This chapter more fully examines OSR as the "bad place" that has the power to seduce and corrupt the characters, and then transitions to an analysis of the film's place within the Gothic literary genre. The prison narrative and the Gothic narrative intersect in Shawshank with classic Gothic themes of entrapment, forced incarceration, and violence (96). In addition, the authors provide a comprehensive analysis of Andy as a parallel to the "persecuted yet intrepid gothic maiden in eighteenth- and nineteenth-century" Gothic fiction. As "the only innocent man in Shawshank," and someone of refined character, cultured yet trapped with hardened felons who are continuously out get him (and do), Andy is constantly "besieged by various hypermasculine monsters that are an omnipresent psychological and sexual threat" (100). Andy is also feminized by the way he interacts with the other prisoners--he teaches, nurtures, and creates a library for them. When he is trapped by the warden, he becomes his "bitch" in exchange for perks like the ability to have posters in his cell and to create a library. The posters of Rita Hayworth, Marilyn Monroe, and Raquel Welch also represent Andy, for he sees them as heroes, and when he escapes through the hole covered by the poster of Welch, "the tunnel he crawls through.operates as a symbolic vagina/birth canal that provides him entrance into a new life" (102). This chapter also includes analysis of the male relationships in the film, the issues of race that are presented (and skirted), and analysis of the women in the film, largely represented by the posters in Andy's cell.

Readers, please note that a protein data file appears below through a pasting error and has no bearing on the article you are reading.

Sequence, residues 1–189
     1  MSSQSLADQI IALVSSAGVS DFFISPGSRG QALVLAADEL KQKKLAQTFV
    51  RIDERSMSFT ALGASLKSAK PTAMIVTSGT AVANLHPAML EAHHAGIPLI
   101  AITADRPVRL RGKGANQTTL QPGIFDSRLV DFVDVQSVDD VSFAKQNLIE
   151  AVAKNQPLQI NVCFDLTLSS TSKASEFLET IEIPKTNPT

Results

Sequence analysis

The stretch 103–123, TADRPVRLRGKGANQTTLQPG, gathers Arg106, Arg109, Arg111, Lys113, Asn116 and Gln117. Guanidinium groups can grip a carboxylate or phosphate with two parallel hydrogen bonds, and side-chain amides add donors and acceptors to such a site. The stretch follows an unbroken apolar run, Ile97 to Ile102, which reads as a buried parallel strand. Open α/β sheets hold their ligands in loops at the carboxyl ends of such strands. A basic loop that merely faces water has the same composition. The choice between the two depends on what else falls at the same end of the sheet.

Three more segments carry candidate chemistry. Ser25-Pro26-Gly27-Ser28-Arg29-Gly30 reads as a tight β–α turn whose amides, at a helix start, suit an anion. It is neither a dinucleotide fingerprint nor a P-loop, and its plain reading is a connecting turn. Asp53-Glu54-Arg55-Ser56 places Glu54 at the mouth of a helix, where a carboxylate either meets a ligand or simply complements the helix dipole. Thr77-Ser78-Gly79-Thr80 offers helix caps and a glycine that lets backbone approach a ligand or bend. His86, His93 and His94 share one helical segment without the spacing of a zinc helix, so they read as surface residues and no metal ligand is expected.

Finally, in chapter 4, Grady and Magistrale focus on the fan base. Because there is an actual place to visit (and not just the prison, but multiple stops along a drive-yourself tour) and recurring celebrations to mark anniversaries, the audience can do more than just watch the film, or talk about it in cyberspace, they can interact with it. Film-fan-location tourist spots have become increasingly popular in the last decade; perhaps the most well-known is New Zealand, where there are multiple tourist spots that were sets for The Lord of the Rings and The Hobbit films. Old, closed prisons are also popular tourist sites--millions each year visit places like The Tower in London or Alcatraz in San Francisco. Grady and Magistrale argue that the ability to make a pilgrimage to OSR allows fans to create a deeper relationship with the film than might be seen with ordinary film-based fan groups. Going back to the comparison between Shawshank and its 1994 competitor Forrest Gump, they relate how there is no one place where Gump fans meet, and thus the fandom for that film is strictly cyberspace. In comparison, Shawshank has a real-life location where fans can meet, and do--there were 111,000 visitors to OSR in 2015 (172).